So where were we? Last year’s Mandalorian finale left plenty of threads hanging – with Bo-Katan setting her sights on the darksaber, rumours of Grand Admiral Thrawn swirling, and Baby Yoda getting carried off to Luke Skywalker’s Jedi school (presumably to get bullied by little Kylo Ren). While Mando’s story will continue in season three, and Ahsoka’s will branch out in her own spin-off, Boba Fett was the one who got the end-credit sting to set up the next big stand-alone Star Wars series – a dusty gangster western with a view to righting the wrongs of the coolest bounty hunter in the galaxy.
Last time we saw Boba (Temuera Morrison) he had just killed local crime lord (and ex-Jabba The Hutt lackey) Bib Fortuna to seize the throne of Tatooine’s underworld alongside Fennec Shand (Ming-Na Wen). The fallout from that power grab looks likely to shape the rest of the new seven-episode series, but before we get there – it’s time for a quick history lesson.
Before The Mandalorian, and before George Lucas’ early noughties trilogy, Boba Fett was a bit of a joke. Easily everyone’s favourite background character in The Empire Strikes Back, Boba had a cool jetpack, he beat Han Solo, and he looked like a total badass – but his only real action scene in Return Of The Jedi saw him comically killed off without really doing anything. Director Robert Rodriquez brought Boba back to life in The Mandalorian’s ‘Chapter 14: The Tragedy’, so it’s only fair that he picks up his backstory again here to show us what actually happened in-between.
Sleeping in a water tank in his new gangster palace, Boba dreams about the good old days. Accidentally knocked into the mouth of the Sarlacc by a blind Han Solo (the shame of it…), Boba found himself being slowly digested inside the stomach of a giant sand squid. Worming his way through the monster’s innards, he manages to suck a bit of air out of a stormtrooper helmet before using his flamethrower to burn his way out. Exhausted (and partially digested), Boba loses his armour to a gang of Jawas before being knocked out and dragged off by Tusken Raiders.
There’s no dialogue at all in the first 10 minutes of The Book Of Boba Fett, and Rodriquez makes everything look like a sparse Italian western from the 70s – returning to Boba’s big escape throughout the story to show him slowly recovering his strength before earning the respect of his captors in a great fight with a lizard monster. Rewriting the history of Boba’s stupid death is a big deal for Star Wars fans, but this backstory also gives us an important insight into where his head is at now that he’s in charge of his own crime empire.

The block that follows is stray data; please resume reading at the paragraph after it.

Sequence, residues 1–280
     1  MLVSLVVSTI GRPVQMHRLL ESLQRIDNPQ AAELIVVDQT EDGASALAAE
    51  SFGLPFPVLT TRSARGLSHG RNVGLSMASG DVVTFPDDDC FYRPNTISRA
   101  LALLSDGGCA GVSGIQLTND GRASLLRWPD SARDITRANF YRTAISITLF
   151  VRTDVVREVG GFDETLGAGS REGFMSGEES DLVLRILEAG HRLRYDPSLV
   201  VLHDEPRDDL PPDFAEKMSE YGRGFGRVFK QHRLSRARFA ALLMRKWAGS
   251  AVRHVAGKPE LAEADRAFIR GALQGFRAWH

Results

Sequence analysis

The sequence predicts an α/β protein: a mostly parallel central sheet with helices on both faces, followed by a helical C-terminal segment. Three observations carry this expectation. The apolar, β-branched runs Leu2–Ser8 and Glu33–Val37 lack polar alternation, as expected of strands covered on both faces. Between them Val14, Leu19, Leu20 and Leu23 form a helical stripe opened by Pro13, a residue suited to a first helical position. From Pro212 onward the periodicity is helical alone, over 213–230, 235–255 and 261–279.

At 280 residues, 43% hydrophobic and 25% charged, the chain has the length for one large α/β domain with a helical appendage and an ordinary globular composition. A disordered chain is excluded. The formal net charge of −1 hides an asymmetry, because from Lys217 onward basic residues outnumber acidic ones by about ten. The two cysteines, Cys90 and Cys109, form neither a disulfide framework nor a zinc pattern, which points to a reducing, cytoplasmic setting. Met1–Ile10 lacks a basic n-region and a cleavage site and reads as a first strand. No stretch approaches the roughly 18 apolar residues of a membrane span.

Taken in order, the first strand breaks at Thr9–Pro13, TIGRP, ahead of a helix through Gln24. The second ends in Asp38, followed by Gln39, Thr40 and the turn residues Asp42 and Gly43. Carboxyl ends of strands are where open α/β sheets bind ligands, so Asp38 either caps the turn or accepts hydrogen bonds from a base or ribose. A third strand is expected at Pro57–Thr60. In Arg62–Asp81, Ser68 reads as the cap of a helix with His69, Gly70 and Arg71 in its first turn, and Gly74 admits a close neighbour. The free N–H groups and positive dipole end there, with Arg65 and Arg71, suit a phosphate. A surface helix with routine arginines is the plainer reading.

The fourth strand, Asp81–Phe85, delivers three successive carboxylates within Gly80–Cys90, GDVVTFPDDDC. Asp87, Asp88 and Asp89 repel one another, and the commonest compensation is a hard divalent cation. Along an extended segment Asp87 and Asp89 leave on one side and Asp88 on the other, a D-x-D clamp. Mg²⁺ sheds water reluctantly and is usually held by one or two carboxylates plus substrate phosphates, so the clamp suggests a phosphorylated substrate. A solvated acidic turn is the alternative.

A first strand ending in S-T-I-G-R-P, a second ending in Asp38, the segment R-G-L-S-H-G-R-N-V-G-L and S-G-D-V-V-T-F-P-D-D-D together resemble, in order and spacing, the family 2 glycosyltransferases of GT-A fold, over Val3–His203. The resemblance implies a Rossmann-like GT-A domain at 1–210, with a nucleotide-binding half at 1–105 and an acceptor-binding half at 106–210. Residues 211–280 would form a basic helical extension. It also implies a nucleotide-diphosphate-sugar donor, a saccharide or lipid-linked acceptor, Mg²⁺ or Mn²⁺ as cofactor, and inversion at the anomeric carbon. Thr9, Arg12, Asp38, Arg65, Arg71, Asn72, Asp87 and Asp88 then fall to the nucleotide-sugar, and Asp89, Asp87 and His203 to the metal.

Back in his new palace, Boba listens to tributes from the locals keen to pay their respects to the new “Daimyo” – gratuitously accepting gifts from some, and wisely playing the long game with others (the local mayor is clearly going to be a problem…) Far from the ruthless bounty hunter we’ve seen in the past, Boba is now all about making smart managerial decisions – choosing to spare two rogue Gamorrean guards and winning some essential topless pig-man backup when he needs it.
Ambushed in Mos Espa after a slightly suspicious meeting with local bar owner Garsa Fwip (Jennifer Beals), Boba and Fennec fight off a band of ninjas with the help of the pig guards and drag one goon back to the palace for questioning. Were they sent by the mayor? By Fwip? Mos Espa seems to be full of shady characters who want Boba’s throne, so the list of culprits is likely to be pretty long. Part Game Of Thrones, part Sopranos, part Sergio Leone epic, one episode in The Book Of Boba Fett has already improved Return Of The Jedi and given Star Wars back its best bounty hunter. Not a bad start at all.
Under the helmet
- Director Robert Rodriquez cameos here as the Trandoshan leader, Dokk Strassi – another potential threat to keep an eye on.
- Easter eggs spotted in The Sanctuary Club include Max Rebo (the blue elephant snyth player), Droopy McCool (on clarinet) and R-3X (aka “Rex”), the former droid pilot of Disneyland’s Star Tours ride, now seemingly working as a croupier.
- The design of the big sand monster is full of nods to stop-motion pioneer Ray Harryhausen – with the face of Ymir (from 20 Million Miles To Earth), and the arms of Kali (The Golden Voyage Of Sinbad).